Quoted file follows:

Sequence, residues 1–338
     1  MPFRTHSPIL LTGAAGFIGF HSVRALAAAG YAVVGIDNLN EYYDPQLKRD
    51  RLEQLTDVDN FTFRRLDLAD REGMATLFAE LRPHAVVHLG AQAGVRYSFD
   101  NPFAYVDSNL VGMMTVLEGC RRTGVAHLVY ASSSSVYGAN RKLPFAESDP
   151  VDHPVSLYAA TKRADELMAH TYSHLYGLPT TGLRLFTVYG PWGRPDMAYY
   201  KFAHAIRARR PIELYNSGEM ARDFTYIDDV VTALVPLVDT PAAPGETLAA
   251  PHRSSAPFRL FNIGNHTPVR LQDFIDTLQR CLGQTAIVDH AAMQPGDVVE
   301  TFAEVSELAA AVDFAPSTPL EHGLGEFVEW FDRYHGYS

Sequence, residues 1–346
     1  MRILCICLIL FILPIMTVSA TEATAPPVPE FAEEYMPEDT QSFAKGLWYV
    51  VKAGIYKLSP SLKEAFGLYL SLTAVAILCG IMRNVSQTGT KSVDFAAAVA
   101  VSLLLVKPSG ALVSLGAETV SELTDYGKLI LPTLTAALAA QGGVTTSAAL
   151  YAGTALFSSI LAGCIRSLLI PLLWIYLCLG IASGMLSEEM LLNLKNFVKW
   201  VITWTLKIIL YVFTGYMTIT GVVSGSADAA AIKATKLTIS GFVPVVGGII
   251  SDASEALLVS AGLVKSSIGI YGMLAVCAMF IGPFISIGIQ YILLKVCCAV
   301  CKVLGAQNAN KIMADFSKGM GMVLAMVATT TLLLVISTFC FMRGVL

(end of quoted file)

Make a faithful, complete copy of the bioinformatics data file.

Sequence, residues 1–338
     1  MPFRTHSPIL LTGAAGFIGF HSVRALAAAG YAVVGIDNLN EYYDPQLKRD
    51  RLEQLTDVDN FTFRRLDLAD REGMATLFAE LRPHAVVHLG AQAGVRYSFD
   101  NPFAYVDSNL VGMMTVLEGC RRTGVAHLVY ASSSSVYGAN RKLPFAESDP
   151  VDHPVSLYAA TKRADELMAH TYSHLYGLPT TGLRLFTVYG PWGRPDMAYY
   201  KFAHAIRARR PIELYNSGEM ARDFTYIDDV VTALVPLVDT PAAPGETLAA
   251  PHRSSAPFRL FNIGNHTPVR LQDFIDTLQR CLGQTAIVDH AAMQPGDVVE
   301  TFAEVSELAA AVDFAPSTPL EHGLGEFVEW FDRYHGYS

Sequence, residues 1–346
     1  MRILCICLIL FILPIMTVSA TEATAPPVPE FAEEYMPEDT QSFAKGLWYV
    51  VKAGIYKLSP SLKEAFGLYL SLTAVAILCG IMRNVSQTGT KSVDFAAAVA
   101  VSLLLVKPSG ALVSLGAETV SELTDYGKLI LPTLTAALAA QGGVTTSAAL
   151  YAGTALFSSI LAGCIRSLLI PLLWIYLCLG IASGMLSEEM LLNLKNFVKW
   201  VITWTLKIIL YVFTGYMTIT GVVSGSADAA AIKATKLTIS GFVPVVGGII
   251  SDASEALLVS AGLVKSSIGI YGMLAVCAMF IGPFISIGIQ YILLKVCCAV
   301  CKVLGAQNAN KIMADFSKGM GMVLAMVATT TLLLVISTFC FMRGVL